My mother kept a diary when she was growing up in a Brooklyn orphanage. For three years, my wife recorded her thoughts in a journal when we lived in France and Algeria. Today, keeping a diary or a journal seems quaintly old-fashioned. What rules the world now is dataflow and exchange. For example, we take an uncensored, unedited notion, download it to Facebook, and then check every two minutes to determine how many “likes” we’ve received. For what good is a thought if it is not published, if it is not shared on the world-wide-web, over which all may fawn and marvel?
This is my point: We are all moving from humanism (which teaches us to look inward to discover truth) to dataism (which attributes meaning to the algorithms that manage data).
One day there will be no need for truck drivers or welders or even doctors and lawyers—all the data that is swirling around us will be captured, collated, and conceptualize more accurately than any human brain could ever imagine. You will not need a doctor for a diagnosis or a treatment plan. You will only need to consult with IBM’s Watson—or another database yet to be conceived.
The algorithms of data will know you better than you know yourself. For example, already Fred Meyer sends coupons to my wife for the items she most often buys. She no longer has to recall what she needs; the data programs from her favorite grocery store will do it for her.
Likewise, I have no need to remember my interests. The Google algorithms are configured to tell me what I desire. I don’t have to remember what I want. Google will happily remind me—not to suggest that Google is a person; it is not; it is an algorithm.
Some may be thinking, “Hold on there, Merry Sunshine. I still keep a diary, and I never buy anything online.”
Yes, everything conforms to a normal bell curve. There are always a few outliers at a minus three or plus three standard deviations from the mean. If that is you, congratulations, but you are in a meager minority. When you die, no one will replace you.
Moreover, it takes time for change of this magnitude—sometimes hundreds, even thousands of years. For example, it took a few millenniums for the polytheistic religions of Mesopotamia and Egypt to evolve into monotheistic religions as transcribe in scriptures. It took a few more millenniums for scripture-based religions to evolve into the independent will and self-consciousness of humanism. But today, the evolution to dataism is on a frenetically fast track. We are no longer talking a millennium. In some cases, we are talking a few decades, even a few years.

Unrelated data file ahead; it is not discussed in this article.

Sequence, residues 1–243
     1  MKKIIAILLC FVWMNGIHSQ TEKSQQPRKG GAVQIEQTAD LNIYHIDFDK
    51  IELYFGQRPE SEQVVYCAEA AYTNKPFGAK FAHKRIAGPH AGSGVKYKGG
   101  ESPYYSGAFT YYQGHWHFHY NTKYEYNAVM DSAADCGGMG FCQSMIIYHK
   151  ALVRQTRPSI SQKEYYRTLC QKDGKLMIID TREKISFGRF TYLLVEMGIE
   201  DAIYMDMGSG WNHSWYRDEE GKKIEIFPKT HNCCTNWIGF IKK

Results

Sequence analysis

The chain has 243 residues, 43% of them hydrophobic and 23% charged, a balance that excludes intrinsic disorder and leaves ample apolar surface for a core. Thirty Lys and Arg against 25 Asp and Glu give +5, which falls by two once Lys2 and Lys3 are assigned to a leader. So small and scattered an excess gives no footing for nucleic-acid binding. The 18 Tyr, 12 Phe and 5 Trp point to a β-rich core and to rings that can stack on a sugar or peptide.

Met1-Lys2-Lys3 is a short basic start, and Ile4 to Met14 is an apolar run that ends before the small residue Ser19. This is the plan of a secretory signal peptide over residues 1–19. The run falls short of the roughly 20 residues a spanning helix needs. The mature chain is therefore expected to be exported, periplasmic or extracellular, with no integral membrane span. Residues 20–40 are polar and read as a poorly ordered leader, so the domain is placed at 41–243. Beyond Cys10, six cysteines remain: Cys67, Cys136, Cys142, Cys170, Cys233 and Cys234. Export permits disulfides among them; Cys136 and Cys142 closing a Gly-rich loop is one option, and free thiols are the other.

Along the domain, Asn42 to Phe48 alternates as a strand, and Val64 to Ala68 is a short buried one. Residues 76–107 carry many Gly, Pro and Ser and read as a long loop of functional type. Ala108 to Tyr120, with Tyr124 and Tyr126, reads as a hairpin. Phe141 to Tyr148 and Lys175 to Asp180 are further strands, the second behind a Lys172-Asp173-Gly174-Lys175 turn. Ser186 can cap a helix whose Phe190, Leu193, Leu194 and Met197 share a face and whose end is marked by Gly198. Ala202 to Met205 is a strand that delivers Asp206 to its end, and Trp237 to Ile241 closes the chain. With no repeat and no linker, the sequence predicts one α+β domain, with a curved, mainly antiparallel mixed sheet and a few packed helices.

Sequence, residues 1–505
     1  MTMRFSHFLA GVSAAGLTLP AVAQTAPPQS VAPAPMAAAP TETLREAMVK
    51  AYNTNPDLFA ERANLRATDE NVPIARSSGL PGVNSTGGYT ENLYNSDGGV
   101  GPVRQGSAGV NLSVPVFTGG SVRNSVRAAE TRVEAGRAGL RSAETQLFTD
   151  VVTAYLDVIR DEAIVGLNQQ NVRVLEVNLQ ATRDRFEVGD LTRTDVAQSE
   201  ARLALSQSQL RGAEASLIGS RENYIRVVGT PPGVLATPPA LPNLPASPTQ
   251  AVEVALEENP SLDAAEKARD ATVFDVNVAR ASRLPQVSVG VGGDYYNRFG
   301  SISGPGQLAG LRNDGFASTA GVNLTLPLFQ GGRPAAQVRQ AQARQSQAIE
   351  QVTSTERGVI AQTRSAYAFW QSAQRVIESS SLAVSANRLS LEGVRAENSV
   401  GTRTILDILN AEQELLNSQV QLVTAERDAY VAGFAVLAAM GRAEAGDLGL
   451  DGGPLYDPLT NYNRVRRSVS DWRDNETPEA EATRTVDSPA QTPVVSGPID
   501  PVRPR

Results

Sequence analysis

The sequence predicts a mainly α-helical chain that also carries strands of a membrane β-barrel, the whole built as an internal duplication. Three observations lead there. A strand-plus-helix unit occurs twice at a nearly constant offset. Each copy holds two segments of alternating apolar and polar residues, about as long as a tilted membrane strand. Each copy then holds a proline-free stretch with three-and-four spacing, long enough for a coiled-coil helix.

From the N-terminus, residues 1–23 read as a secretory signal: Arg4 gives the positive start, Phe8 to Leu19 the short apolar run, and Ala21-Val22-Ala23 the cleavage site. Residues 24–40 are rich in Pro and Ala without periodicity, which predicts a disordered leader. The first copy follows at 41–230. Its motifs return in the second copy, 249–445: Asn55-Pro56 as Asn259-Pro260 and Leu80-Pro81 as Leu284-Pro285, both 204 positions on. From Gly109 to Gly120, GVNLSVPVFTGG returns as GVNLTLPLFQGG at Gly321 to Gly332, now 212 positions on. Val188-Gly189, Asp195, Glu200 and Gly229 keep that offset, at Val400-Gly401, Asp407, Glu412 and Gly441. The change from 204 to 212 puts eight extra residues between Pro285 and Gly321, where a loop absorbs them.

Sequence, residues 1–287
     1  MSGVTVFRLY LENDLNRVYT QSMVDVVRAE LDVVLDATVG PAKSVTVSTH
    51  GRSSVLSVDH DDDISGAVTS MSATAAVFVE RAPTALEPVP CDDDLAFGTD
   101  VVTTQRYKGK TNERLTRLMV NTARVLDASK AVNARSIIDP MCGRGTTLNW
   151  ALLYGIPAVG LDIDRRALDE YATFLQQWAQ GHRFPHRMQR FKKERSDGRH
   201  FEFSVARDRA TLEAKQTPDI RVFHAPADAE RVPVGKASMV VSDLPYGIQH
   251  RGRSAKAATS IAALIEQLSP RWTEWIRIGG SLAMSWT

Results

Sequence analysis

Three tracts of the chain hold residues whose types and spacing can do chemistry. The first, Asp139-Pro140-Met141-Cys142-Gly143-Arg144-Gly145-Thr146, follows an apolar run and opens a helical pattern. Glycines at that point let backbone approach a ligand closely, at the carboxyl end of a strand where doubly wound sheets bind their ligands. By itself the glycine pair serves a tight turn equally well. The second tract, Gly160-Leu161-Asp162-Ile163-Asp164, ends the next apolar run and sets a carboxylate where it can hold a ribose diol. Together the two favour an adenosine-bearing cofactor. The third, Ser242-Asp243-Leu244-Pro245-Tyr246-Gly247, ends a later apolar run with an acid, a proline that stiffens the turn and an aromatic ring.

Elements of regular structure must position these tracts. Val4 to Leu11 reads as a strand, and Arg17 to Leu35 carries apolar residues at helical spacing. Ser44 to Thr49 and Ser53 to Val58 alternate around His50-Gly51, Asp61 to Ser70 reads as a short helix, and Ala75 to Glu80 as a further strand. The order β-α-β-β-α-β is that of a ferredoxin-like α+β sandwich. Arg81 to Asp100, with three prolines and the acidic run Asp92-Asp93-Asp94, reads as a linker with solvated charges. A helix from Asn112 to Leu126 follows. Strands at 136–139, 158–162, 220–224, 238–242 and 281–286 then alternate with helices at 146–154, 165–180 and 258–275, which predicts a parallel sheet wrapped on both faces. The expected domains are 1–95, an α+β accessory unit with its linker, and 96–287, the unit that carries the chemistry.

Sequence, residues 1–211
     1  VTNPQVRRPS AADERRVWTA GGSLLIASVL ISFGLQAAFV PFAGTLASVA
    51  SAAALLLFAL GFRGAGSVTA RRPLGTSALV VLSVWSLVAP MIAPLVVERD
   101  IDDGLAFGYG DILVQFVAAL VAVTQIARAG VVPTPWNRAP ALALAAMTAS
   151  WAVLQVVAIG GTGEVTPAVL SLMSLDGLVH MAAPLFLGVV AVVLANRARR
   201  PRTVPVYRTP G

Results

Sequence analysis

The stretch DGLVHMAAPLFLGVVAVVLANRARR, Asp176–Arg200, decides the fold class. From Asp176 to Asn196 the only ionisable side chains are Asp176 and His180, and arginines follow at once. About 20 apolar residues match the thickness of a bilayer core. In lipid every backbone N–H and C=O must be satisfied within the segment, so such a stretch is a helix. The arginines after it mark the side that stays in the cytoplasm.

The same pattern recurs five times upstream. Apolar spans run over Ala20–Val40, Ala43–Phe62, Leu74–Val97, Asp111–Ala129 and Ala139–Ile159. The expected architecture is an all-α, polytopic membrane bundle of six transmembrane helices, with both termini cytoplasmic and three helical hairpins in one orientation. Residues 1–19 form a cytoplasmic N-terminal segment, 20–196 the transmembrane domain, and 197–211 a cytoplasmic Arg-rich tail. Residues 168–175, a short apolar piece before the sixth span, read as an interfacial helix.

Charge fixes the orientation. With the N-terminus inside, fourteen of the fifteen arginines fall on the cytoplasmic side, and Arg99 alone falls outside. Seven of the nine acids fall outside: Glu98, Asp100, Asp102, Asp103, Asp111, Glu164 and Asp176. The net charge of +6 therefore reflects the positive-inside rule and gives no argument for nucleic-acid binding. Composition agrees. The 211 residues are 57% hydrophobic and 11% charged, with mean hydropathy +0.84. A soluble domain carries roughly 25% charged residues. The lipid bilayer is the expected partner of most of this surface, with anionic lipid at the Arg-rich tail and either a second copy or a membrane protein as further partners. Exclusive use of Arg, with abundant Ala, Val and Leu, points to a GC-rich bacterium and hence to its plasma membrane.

As we study human history, we see that our religious inspirations have evolved: from the sun to god to humanism to the sifted data ushered into the temples of Google, Amazon, and ChoicePoint. Evolution does not reverse course, and the current course is data on steroids.
Can we put the brakes on this transformation? In a word, no. But in our lifetime we can choose to be religious rebels. Just as there are still people who worship the sun, you may choose to cling to your faith in Christianity or Islam or Judaism or humanism, rather than be swept up by the tide of dataism. You may make that choice now, but be assured that the choice will be exceedingly less likely for your grandchildren.
But wait. There may be another alternative. Perhaps you can stand planted with your right foot in one world and your left foot in another. Perhaps you can hold to the antiquated custom of writing a journal and publishing your words in the realm of dataism—just as I have done today. Consider this a thought for the day from one who is edging—kicking and screaming—into the murky and mysterious matrix of algorithms.